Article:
This is strange...eerie, even
This is the Radio Shack model 12-470 radio, and it's an overpriced piece of junk.
When I moved to Reno, the radio I brought with me crapped out so I was in need of a new one quick. I paid around $40 for this at Radio Shack new. I figured I paid too much and I was right, but I can't go for very long without a radio so I had to live with it.
It has served me faithfully at work, where I listen exclusively to a local AM radio station, 780 KKOH.
Luckily, all I needed at work was a local station because that's all this radio receives. It has an absolutely awful internal antenna. It works fine on FM with headphones but sounds tinny over the small speaker. The radio also includes TV channels 2-6 (now useless) and the NOAA weather band (helpful but rarely used).
Worst of all, it uses an odd-numbered three AAA batteries, most chargers only accept 2 or 4, and the batteries only last two days or 16 hours, so rechargeables are a must and a frequent irritation. I purchased a special charger that will take 1, 2, 3 or 4 batteries...wouldn't have had to were it not for this radio.
Recently, with a much better radio I've had a long time (Realistic DX-440), I've renewed a longtime interest in AM DXing and have built a 30-inch loop antenna to help receive far-away signals.
I was curious how that large antenna would affect the above junky radio and it does very well. Not a surprise, the large loop antennas will turn even the worst radio (read: Harbor Freight) into a good one and this is one of those cases.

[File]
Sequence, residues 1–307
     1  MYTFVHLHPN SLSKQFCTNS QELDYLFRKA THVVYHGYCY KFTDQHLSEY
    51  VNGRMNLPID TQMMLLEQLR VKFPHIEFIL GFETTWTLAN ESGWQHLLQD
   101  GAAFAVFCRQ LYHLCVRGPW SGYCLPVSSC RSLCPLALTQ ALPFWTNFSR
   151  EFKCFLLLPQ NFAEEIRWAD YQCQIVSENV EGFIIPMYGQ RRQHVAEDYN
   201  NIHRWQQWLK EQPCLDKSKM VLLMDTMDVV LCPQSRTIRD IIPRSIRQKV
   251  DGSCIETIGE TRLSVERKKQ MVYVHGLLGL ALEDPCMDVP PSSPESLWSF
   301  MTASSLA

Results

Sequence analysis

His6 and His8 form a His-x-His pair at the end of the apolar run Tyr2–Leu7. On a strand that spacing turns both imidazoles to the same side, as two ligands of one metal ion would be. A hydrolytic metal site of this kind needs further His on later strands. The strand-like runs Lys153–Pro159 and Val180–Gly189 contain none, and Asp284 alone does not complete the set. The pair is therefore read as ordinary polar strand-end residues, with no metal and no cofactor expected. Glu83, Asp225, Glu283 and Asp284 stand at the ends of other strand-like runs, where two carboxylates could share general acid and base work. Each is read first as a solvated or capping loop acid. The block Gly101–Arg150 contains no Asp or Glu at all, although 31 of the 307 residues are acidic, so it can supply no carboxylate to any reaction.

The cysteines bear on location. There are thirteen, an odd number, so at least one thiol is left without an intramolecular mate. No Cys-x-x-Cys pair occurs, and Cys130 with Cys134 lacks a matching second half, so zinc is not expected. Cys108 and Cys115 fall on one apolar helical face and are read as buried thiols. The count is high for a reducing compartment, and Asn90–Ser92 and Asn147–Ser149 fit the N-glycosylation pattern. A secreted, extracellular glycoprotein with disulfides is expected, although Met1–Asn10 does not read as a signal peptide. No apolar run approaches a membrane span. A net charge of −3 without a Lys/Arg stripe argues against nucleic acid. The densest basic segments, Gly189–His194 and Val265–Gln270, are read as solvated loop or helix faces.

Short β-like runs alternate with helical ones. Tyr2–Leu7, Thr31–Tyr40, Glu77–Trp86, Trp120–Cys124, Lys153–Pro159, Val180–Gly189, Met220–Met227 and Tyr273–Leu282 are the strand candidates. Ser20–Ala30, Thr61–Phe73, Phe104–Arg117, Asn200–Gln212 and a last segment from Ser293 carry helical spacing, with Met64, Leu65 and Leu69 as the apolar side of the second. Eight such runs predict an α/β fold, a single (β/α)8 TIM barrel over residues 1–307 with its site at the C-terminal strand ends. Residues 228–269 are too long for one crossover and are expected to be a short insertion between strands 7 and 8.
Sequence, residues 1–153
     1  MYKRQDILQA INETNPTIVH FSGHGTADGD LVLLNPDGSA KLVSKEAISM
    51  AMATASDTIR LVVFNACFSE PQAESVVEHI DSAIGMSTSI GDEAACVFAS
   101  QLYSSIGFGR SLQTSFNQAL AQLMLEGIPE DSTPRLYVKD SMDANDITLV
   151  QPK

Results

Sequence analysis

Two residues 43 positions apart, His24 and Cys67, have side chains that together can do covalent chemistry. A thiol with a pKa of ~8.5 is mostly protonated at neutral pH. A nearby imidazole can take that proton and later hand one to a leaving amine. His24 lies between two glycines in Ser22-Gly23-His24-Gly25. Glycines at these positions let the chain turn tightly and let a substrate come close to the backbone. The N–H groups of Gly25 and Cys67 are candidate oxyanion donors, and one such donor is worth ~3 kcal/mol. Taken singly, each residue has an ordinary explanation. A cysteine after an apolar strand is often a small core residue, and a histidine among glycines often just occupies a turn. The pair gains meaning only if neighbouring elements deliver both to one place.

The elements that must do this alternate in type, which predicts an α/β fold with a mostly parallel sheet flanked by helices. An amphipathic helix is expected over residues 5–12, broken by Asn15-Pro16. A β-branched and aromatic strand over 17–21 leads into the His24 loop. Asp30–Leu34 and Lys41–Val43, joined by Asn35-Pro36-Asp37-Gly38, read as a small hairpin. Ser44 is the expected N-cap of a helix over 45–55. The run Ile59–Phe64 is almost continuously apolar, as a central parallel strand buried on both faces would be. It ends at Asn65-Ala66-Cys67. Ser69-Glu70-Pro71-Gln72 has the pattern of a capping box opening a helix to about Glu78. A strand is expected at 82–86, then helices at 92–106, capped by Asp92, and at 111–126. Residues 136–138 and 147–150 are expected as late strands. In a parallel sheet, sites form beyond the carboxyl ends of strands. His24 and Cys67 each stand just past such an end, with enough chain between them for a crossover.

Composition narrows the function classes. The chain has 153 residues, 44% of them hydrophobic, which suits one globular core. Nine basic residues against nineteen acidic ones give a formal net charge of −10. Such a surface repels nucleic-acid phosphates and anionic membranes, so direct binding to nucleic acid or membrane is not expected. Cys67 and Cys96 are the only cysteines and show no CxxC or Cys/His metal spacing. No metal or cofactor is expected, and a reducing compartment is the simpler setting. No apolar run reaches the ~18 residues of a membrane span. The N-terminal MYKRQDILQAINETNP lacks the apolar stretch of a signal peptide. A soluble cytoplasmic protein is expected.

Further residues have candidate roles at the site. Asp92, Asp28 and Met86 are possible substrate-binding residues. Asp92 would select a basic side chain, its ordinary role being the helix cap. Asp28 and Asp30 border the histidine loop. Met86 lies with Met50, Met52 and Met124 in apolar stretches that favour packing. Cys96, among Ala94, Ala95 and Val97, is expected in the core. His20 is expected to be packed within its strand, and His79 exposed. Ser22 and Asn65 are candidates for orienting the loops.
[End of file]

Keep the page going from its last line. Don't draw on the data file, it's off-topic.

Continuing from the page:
I couldn't remember what I paid for the small portable, so I went looking on Google to find the MSRP. And to my surprise, the 12-470 is one hot little radio! With a simple modification it will scan the bands continuously, apparently a necessity when used as a "Ghost Box," or EVP (electronic voice phenomenon) receiver.
Now, as a talk-radio radio enthusiast I'm well aware of the EVP craze. I was a fan of Art Bell's Coast to Coast AM show before most other folks, and I think the EVP is the real deal. But, as much as I love visiting old ghost towns, especially Bodie State Park, I never really spent much time attempting to capture ghosts on recording equipment. I did once, in Bodie, with a cheap knockoff of those old hard-drive recorders, and before I could extract the audio files the thing burned out. There were ghosts in that machine!
Haven't really thought of doing any EVP recording since, but many people have and the above radio is at the heart of it. Apparently the band-scanning abilities of the radio plus its small size makes it ideal for ghost hunting. The phenomenon also has made this radio rare and quite valuable, selling in the range of $65-$70...unbelievable!
Never thought such a horrible radio would actually increase in value over 50 percent in a short time. This is a strange world we live in!